Why Software Development Doesn't Need to Be Perfect
It’s a cliché that the perfect is the enemy of good. It’s also a driving principle of agile software development. Delivering software, or even ideas, that are good enough to work with but not “perfect” can encourage collaboration and creativity—and lead to a better solution—as this article, "The Art of the Imperfect Pitch," from the Stanford Graduate School of Business shows. This isn’t always obvious, and it goes counter to the way many of us have learned to work.
One challenge is to create an environment that makes it safe to assert that something is good enough. Deciding that you are done enough rather than waiting for something that is more perfect is a difficult decision for teams to make. But by creating an environment that helps teams be comfortable deciding what is a good enough solution, you can reduce your time to deliver and also deliver more value.
Finding the line between “good enough” and “good riddance” can be tricky. It’s possible to get caught up in the drive to deliver something quickly and lose track of the goal of delivering value. Jim Coplien points out in a recent blog post, "The Tyranny of the Urgent," that while addressing issues in order of priority is important, delivering incrementally isn’t simply about ignoring planning and only dealing with urgent matters. Just dealing with the urgent is a sign that you haven’t done enough planning to make space for good decisions.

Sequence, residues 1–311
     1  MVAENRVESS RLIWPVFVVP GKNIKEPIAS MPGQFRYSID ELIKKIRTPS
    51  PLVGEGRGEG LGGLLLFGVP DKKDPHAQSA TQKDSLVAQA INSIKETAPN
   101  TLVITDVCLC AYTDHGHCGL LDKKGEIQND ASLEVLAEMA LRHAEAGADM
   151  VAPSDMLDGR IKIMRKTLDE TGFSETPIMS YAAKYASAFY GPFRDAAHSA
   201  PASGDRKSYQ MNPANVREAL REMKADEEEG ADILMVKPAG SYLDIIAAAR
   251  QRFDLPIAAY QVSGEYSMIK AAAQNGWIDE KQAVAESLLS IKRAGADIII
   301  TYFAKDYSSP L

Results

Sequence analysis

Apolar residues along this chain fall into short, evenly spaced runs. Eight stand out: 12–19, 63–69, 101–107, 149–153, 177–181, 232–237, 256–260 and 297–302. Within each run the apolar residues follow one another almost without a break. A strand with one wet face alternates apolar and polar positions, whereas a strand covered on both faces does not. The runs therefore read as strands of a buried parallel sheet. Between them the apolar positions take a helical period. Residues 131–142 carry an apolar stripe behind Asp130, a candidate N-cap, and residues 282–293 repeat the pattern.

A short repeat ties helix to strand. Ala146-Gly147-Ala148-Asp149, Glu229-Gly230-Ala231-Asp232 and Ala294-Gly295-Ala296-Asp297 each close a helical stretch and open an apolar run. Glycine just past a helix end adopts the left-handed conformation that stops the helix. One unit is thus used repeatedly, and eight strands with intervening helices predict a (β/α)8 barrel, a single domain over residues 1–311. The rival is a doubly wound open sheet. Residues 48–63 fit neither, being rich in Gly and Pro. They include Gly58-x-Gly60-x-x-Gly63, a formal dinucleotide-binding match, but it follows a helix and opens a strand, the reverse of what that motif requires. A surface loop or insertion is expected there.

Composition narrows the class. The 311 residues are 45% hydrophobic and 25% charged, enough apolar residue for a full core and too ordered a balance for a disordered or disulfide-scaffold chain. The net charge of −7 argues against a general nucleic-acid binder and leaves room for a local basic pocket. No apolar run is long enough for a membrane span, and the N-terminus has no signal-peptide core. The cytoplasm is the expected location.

Circling back to "The Art of the Imperfect Pitch," we learn that people hang on to the familiar in times of stress. This is not what you want in a fast-moving environment, where people are expected to deliver incremental, innovative solutions. To encourage the kinds of behavior that lead to teams discovering the right solutions, you need to create a safe environment, where people can challenge assumptions and make mistakes while assuming that whatever they thought at the start of a project is likely to change.
Having a clear direction is one way to create the kind of environment that leads to the right kind of “incremental perfection.” In this story from the Harvard Business Review, Thomas Ricks explains how having clear goals helps leaders make clear decisions.
As with many things agile, following rules like the principle of good enough is more complicated than it appears.
How do you manage the balance between delivering “good enough software” at the end of an iteration with quality? Share your thoughts below.